Re: virus: Modern society and rule of law

From: Hermit (
Date: Sun Aug 11 2002 - 00:12:23 MDT

So Joe, seems you might be wrong as usual... See especially the URLs for Physicians for Human Rights in the second article below.
Just because a news source might be run by socialists doesn't mean that they don't report accurately. And when news sources appear to be censoring their data, one has to examine a broad range of sources to determine what is, and is not likely.


Interview with Jamie Doran, director of Massacre at Mazar

Source: The Socialist Web (
Authors: Stefan Steinberg
Dated: 2002-06-17

Jamie Doran is an award-winning documentary filmmaker who has been producing films for the past 22 years. He spent seven years working for the BBC before establishing his own independent television company. He has spent much of the last eight months working in Afghanistan on film projects. The WSWS conducted this interview with Doran on June 14.

WSWS: You deal briefly with the events in the fort of Qala-i-Janghi, but the main part of your film concentrates on the fate of all 8,000 fighters who surrendered to American forces in Konduz.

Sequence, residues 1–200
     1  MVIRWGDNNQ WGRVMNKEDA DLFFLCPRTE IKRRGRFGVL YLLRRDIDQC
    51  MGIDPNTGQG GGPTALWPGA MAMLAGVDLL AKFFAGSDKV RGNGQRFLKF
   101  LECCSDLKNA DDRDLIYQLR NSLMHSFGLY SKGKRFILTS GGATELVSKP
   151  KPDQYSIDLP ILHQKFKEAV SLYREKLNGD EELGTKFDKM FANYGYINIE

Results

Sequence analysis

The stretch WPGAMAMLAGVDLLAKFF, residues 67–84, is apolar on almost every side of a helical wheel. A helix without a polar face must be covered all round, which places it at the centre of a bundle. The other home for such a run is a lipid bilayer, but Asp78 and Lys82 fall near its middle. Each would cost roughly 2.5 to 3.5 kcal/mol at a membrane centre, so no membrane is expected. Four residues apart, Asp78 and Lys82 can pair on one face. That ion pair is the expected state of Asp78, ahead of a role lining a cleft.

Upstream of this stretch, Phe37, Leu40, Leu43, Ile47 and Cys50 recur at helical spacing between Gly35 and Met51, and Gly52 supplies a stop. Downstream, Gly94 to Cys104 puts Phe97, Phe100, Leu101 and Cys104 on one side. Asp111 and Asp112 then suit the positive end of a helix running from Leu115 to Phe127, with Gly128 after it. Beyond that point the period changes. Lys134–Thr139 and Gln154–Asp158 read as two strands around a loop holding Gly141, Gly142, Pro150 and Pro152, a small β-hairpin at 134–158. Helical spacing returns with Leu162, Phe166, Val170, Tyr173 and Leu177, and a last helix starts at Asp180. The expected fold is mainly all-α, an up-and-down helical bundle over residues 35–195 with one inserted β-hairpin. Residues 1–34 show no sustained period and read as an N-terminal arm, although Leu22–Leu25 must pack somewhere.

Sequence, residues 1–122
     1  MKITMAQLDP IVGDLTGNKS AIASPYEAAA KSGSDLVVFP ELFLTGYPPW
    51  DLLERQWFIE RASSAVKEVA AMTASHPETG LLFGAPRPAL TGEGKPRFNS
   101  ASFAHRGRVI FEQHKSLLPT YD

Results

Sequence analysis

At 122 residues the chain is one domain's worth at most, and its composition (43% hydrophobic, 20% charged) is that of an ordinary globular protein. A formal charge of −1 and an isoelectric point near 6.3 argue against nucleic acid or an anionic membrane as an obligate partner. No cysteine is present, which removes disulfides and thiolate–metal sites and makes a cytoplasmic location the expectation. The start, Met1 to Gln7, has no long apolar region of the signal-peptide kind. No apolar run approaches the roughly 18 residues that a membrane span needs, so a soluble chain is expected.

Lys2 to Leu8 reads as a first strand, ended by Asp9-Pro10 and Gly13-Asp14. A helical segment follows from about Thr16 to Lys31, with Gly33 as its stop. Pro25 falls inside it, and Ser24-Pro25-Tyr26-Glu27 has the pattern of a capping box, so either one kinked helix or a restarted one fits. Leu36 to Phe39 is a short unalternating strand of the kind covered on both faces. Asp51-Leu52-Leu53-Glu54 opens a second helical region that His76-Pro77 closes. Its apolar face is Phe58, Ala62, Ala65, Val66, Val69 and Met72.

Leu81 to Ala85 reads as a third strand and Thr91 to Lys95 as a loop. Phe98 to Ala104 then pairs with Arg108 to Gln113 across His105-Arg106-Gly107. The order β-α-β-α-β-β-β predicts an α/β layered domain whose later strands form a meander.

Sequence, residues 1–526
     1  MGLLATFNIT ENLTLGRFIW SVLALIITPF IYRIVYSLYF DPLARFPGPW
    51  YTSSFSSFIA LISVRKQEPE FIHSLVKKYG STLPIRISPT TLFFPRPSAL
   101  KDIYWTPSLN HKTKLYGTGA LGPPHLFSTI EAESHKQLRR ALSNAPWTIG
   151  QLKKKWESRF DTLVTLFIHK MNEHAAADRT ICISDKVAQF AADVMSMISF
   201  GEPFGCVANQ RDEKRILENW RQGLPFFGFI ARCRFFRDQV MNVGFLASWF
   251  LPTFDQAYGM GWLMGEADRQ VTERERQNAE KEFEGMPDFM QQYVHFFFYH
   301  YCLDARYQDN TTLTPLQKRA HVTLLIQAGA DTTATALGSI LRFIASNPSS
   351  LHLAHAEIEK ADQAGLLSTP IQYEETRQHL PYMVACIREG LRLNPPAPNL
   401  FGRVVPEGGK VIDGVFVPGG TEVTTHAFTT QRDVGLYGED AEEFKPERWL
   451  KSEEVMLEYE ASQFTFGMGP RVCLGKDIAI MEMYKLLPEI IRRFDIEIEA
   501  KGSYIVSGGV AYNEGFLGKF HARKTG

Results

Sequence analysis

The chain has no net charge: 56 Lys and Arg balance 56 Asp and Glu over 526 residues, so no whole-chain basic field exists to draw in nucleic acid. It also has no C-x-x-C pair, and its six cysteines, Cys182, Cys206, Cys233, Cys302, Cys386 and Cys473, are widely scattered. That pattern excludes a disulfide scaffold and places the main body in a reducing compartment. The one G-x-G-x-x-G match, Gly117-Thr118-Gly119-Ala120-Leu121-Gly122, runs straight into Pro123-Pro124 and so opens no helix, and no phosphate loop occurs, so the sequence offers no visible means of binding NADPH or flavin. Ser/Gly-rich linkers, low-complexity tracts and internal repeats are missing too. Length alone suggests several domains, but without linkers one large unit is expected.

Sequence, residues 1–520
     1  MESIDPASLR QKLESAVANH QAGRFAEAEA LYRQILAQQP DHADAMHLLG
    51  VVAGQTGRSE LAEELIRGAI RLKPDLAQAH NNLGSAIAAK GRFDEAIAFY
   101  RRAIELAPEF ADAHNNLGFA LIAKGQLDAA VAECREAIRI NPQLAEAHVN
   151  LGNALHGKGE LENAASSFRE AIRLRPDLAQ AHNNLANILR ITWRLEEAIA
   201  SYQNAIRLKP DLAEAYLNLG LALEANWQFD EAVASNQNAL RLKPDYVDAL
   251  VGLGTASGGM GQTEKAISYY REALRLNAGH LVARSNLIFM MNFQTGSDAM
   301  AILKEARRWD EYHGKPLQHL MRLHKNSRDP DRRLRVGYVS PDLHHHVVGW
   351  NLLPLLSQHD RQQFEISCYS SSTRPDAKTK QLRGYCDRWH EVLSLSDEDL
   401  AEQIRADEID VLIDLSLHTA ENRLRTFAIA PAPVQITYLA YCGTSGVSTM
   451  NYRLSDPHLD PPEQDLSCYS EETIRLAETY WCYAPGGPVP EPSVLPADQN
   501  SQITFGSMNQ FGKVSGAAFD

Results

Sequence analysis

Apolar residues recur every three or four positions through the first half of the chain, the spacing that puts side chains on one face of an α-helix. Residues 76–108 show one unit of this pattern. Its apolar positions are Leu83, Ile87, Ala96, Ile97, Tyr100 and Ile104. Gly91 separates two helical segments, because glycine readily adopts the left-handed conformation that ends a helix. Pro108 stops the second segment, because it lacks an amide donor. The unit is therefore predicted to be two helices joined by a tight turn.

JD: That’s right. 8,000 surrendered to Amir Jahn, who negotiated the surrender deal. In the film he says he counted the prisoners one by one, and there were 8,000 of them. 470 went to Qala-i-Janghi. The assumption is that seven-and-a-half-thousand went from Qala-i-Janghi to Sheberghan, and the result of that transport was that, according to his words, “Just 3,015 are left. Where are the rest?”

WSWS: What happened to the surviving 3,015? Have they been set free?

JD: No, most of them are still there in prison. They are letting some of them go, but the majority are still in detention.

WSWS: Regarding the US involvement in what took place, could I ask about the witnesses who appear in the film?

JD: Three members of the Afghan military appear in the film, two ordinary soldiers and one general. Then there is one taxi diver who witnessed three containers with blood pouring from them. He said his hair stood on end and that it was horrific. Then two of the truck drivers testify who were forced to take the containers into the desert. Based on the statements of the witnesses, the total number of those transported was at the very least 1,500, but more likely the total is up to 3,000.